This may be an easier way to poach eggs, but if you like your yolks runny and in one piece, all I have to say is: good luck!

Tuesday, 18 June 2013

Saturday, 15 June 2013

Korea's Hidden Superfood Meal

I must admit, this isn't a traditional bibimbap in the very least. I just got excited because I found some good kimchi yesterday. Since 'bibimbap' means 'mixed rice', this is definitely not that, but I've got some Korean ingredients (or just Asian) and raw yolks. It's the same concept, right? I wouldn't be surprised if Koreans had the best digestive systems in all the land. This stuff is so acidic! (Well, my random version was).

From the top going clockwise I had some funny brined mushroom things, a whole cubes avocado with apple cider vinegar to stop it from oxidising (and there was a LOT of avo by the time I'd mixed it all in), kimchi hiding under everything else, far too much wakame for my liking (but it hid well in the kimchi vinegary sauce), scrambled egg whites (I had to make something look like rice), fish sauce in the dish at the top, md of course raw egg yolks. I so want to try a normal version with some sliced beef or raw fish and rice to sop up all the vinegar. I'll have to get my Korean friend to take me out one day :)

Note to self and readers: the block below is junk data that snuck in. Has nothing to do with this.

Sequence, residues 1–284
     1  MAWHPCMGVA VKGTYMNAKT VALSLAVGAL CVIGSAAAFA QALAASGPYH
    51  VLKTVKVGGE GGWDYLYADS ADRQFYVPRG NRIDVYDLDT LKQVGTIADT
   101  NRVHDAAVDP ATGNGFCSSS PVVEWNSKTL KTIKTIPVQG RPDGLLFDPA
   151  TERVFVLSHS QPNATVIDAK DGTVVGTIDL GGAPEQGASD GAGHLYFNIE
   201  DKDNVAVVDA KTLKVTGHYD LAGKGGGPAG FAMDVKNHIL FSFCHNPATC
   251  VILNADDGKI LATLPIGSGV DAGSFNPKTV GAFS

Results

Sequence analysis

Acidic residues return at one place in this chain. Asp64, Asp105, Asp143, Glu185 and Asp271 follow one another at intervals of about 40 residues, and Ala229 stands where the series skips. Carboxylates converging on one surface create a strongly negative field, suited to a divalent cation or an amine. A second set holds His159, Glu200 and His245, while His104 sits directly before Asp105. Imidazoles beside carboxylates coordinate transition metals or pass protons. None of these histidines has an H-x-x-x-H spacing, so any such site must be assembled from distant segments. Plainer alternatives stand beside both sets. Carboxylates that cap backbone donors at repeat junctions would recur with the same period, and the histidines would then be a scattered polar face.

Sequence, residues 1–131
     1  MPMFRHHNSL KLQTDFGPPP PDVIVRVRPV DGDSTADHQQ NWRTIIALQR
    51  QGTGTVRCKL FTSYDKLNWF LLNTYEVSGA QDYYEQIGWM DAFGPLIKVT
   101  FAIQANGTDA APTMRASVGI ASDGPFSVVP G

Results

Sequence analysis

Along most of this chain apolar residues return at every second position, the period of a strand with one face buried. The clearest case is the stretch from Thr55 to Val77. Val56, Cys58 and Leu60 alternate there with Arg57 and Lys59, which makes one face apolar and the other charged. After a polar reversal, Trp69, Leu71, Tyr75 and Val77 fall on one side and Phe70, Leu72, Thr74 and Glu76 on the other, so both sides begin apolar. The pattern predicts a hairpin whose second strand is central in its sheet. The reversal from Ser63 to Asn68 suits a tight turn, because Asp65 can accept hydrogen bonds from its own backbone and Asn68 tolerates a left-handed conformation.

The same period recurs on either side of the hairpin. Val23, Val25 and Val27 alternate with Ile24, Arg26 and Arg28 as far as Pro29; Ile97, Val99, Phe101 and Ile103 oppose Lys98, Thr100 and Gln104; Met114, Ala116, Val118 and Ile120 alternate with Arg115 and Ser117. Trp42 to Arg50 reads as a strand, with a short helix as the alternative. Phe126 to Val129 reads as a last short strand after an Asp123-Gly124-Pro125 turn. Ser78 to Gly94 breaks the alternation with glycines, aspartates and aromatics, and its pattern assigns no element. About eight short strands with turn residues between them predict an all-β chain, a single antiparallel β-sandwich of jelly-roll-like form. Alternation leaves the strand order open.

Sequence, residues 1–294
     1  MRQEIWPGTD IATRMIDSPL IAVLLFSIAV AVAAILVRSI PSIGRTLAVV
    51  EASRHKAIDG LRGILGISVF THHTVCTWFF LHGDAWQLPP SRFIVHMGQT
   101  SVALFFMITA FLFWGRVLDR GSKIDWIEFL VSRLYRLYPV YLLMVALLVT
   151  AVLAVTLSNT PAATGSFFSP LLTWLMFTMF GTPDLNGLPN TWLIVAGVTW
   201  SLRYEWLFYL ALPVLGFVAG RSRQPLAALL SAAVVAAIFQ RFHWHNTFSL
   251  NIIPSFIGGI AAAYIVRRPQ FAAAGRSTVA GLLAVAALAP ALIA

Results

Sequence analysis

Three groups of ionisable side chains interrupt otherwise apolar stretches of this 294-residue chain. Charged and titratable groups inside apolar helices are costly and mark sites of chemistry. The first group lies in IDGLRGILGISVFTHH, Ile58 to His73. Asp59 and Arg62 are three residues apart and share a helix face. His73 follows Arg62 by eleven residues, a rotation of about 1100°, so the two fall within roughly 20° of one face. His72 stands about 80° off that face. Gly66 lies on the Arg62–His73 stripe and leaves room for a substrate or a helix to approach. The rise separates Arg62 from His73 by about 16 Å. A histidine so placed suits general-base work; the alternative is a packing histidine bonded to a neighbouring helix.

Friday, 14 June 2013


I've done it! Would you look at my (very dark photos of) s'mores!! They're made using this marvellous biscuit as a graham cracker, this magical marshmallow recipe and a basic chocolate (coconut oil, cocoa and honey) on top. It was a really thick chocolate so it didn't melt as much as I wanted, but if it was really thin it would've all disappeared! I'm really proud of my sickening dessert. Last night I had two, and the second one I didn't 100% want but I had it because 'I'd regret it if I didn't have it'. I regretted having it, let's just say that.

Thursday, 13 June 2013

Middle Eastern Meatballs